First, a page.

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Greatest Hits, Volume One: The Duke Recordings
Rating: 9 (library disc)
   It’s funny how collective memory works – if you ask most people about the blues, the mental image they’ll conjure is of a Delta crossroads in the Depression, or maybe a postwar Chicago nightspot, but not a thriving element of 1960’s music. The truth is, though, that blues records were great sellers among African-American audiences through the end of the 1960’s. All those white bluesmen were not so much reviving an old tradition as extending a popular form to a new audience (this makes Eric Clapton the Vanilla Ice of the blues.)
   Towering over the sixties blues scene were two giants: B.B. King and Bobby Bland. While King has gone on to a revered position as a national icon, Bland is hardly remembered outside of the circle of aging blues fans and record geeks. Perhaps it’s because Bland didn’t play any instrument in an age that worshipped guitarists, or simply because he never shilled for McDonald’s, but in any case it’s a shame, because Bobby Bland is a master of blues singing, whose style and repertoire have largely defined modern blues.
   Bland’s presence was so pervasive that many of his signature tunes have entered the public consciousness without taking his name along with them. “Further On Up the Road”, “I Pity the Fool”, “Ain’t That Lovin’ You”, “Turn on Your Love Light”, “Who Will the Next Fool Be?” – all Bobby Bland records, but until I found them on this record, I simply thought of them as old standards, like “Blue Moon” or “Old Man River.” (Interestingly, most of them bear the composer credit for Deadric Malone, who never existed – Don Robey, owner of Duke Records, simply bought out the rights of any song he wanted to record, and copyrighted them under the Malone name.)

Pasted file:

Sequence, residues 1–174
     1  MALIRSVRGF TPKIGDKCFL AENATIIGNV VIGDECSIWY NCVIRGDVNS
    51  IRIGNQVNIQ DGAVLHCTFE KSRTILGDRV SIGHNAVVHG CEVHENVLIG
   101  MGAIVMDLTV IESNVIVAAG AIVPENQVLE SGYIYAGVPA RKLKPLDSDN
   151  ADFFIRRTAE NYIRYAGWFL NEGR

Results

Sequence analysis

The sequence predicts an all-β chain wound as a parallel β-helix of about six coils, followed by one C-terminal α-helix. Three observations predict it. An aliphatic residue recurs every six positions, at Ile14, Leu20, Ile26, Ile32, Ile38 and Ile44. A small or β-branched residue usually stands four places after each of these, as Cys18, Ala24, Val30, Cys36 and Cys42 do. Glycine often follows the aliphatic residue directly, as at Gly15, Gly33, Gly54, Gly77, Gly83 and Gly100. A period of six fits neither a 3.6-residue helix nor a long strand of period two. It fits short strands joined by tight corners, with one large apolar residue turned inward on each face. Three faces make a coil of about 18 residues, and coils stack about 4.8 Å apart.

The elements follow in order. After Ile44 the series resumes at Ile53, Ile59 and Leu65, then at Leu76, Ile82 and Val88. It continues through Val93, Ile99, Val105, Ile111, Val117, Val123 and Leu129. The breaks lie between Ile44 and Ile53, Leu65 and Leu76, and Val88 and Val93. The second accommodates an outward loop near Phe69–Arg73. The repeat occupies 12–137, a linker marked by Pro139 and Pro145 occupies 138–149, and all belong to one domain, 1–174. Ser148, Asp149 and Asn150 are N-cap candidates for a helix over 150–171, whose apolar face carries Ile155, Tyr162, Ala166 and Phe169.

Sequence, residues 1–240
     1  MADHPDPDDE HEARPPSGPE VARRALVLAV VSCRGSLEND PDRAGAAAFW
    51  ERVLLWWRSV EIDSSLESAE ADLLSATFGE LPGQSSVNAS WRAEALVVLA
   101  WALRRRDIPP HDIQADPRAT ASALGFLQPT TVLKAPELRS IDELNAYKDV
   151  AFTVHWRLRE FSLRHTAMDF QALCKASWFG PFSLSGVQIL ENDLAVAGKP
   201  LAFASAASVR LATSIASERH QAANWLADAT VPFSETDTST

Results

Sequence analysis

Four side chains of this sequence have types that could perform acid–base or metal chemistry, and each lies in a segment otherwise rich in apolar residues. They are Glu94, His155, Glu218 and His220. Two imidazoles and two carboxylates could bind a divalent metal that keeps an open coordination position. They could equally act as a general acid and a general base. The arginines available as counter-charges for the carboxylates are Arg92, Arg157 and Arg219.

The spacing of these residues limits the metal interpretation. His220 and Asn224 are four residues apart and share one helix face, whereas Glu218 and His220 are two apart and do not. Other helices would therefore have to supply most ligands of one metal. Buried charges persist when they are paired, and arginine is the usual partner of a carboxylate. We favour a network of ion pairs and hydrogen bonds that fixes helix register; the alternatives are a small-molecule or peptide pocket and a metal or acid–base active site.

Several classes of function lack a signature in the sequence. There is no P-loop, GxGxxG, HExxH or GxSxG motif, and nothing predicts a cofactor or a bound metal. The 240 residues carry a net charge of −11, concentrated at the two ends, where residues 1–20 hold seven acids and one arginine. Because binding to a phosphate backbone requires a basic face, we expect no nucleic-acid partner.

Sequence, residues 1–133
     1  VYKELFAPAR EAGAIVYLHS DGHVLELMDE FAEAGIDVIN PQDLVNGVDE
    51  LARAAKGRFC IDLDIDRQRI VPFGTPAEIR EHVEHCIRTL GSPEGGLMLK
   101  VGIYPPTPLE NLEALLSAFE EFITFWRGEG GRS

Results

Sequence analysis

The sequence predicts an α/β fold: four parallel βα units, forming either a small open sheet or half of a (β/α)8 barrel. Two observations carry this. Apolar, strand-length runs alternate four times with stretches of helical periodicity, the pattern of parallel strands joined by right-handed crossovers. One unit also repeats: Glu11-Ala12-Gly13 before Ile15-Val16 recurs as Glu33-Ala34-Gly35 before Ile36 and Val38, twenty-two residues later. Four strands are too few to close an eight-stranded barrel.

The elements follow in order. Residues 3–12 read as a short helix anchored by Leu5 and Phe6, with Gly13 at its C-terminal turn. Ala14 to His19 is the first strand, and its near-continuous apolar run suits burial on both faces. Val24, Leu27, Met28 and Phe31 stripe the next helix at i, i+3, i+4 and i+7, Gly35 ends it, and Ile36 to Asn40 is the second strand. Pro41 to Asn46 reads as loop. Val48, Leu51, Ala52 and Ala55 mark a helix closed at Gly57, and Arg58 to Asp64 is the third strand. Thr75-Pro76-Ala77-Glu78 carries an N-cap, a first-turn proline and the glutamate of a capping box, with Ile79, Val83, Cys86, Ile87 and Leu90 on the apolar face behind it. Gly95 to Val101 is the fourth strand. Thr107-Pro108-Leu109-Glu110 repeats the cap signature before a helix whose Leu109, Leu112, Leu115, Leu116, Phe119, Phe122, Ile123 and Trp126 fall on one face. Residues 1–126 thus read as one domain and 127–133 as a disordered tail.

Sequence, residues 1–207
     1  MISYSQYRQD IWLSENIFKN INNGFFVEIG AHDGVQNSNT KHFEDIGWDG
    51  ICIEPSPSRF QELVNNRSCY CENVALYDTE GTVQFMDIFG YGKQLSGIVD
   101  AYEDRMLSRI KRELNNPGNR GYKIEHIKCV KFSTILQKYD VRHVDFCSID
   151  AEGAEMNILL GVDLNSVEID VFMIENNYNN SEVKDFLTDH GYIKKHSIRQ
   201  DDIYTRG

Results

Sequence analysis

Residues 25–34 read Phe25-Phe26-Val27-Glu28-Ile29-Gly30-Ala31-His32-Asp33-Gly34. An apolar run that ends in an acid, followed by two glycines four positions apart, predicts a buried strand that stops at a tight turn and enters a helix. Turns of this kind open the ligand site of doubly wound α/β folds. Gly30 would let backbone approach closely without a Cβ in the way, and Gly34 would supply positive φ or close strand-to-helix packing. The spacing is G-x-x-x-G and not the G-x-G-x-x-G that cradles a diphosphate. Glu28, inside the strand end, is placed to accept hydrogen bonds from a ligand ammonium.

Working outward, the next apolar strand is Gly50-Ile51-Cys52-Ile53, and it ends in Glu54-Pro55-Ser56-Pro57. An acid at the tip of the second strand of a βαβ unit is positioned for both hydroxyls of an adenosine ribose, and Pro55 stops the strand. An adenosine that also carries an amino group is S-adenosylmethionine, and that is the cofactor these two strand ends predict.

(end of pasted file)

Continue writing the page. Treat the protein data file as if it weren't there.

But Bland’s prominence was due not just to picking great tunes; he was also a superb singer, and virtually every vocalist who has wanted to sound “soulful” since has taken a page from his book: a menacing growl in the lower register, heating up to a gruff shouting style when he’s agitated. But that’s just one side of Bobby Bland: he’s also got an easy grace that caresses the melodies, with a supple richness and an elegant approach. Not only does he hit every note, but he delivers just the right manly attitude to go along with it.
   For while Bland was a richly emotional singer, he always kept his dignity. Without resorting to hysterics or bluff machismo, he was able to convey the entire spectrum of human feeling in a riveting manner and always keep his cool.     “I Pity the Fool” may be his most famous number, and it’s a classic. You can practically hear his head shaking as he lays out the verse with resignation, and then the microphone practically explodes as he cries out the bridge with vein-bursting fury. Similar moments abound in his career, from the resolute “Further On Up the Road” (which Dave Marsh calls the most influential record of the decade) to the soothing “I’ll Take Care of You” and the slinky “Ain’t That Lovin’ You?”, Bobby Bland always delivered the goods.
   Although this record’s not perfect (where’s the majestic “Lead Me On”?), no greatest hits record ever is. It’s still a great place to start if you want to appreciate an unacclaimed master of the blues.

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